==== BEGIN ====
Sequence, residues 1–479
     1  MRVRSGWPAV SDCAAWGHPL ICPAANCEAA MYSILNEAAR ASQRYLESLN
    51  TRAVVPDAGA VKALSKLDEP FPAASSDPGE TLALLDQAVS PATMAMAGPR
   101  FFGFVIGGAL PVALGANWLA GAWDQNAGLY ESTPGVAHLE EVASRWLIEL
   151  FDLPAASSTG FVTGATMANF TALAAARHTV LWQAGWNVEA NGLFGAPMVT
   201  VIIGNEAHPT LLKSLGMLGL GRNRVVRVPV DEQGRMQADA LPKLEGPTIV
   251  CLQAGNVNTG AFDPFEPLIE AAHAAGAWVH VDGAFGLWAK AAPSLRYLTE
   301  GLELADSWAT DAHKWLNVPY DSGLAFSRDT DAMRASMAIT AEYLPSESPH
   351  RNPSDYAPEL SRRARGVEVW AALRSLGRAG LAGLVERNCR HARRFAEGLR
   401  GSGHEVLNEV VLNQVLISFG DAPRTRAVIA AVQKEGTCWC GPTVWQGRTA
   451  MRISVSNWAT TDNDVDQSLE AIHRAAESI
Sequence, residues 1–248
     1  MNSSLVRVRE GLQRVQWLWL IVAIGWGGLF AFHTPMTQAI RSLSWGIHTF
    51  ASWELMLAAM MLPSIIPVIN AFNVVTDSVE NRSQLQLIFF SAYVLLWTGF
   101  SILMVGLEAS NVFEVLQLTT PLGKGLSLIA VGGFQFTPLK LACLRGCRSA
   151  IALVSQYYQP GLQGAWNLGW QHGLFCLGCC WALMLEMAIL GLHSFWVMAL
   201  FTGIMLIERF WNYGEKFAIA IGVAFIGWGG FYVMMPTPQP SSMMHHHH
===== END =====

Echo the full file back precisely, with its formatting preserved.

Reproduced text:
Sequence, residues 1–479
     1  MRVRSGWPAV SDCAAWGHPL ICPAANCEAA MYSILNEAAR ASQRYLESLN
    51  TRAVVPDAGA VKALSKLDEP FPAASSDPGE TLALLDQAVS PATMAMAGPR
   101  FFGFVIGGAL PVALGANWLA GAWDQNAGLY ESTPGVAHLE EVASRWLIEL
   151  FDLPAASSTG FVTGATMANF TALAAARHTV LWQAGWNVEA NGLFGAPMVT
   201  VIIGNEAHPT LLKSLGMLGL GRNRVVRVPV DEQGRMQADA LPKLEGPTIV
   251  CLQAGNVNTG AFDPFEPLIE AAHAAGAWVH VDGAFGLWAK AAPSLRYLTE
   301  GLELADSWAT DAHKWLNVPY DSGLAFSRDT DAMRASMAIT AEYLPSESPH
   351  RNPSDYAPEL SRRARGVEVW AALRSLGRAG LAGLVERNCR HARRFAEGLR
   401  GSGHEVLNEV VLNQVLISFG DAPRTRAVIA AVQKEGTCWC GPTVWQGRTA
   451  MRISVSNWAT TDNDVDQSLE AIHRAAESI
Sequence, residues 1–248
     1  MNSSLVRVRE GLQRVQWLWL IVAIGWGGLF AFHTPMTQAI RSLSWGIHTF
    51  ASWELMLAAM MLPSIIPVIN AFNVVTDSVE NRSQLQLIFF SAYVLLWTGF
   101  SILMVGLEAS NVFEVLQLTT PLGKGLSLIA VGGFQFTPLK LACLRGCRSA
   151  IALVSQYYQP GLQGAWNLGW QHGLFCLGCC WALMLEMAIL GLHSFWVMAL
   201  FTGIMLIERF WNYGEKFAIA IGVAFIGWGG FYVMMPTPQP SSMMHHHH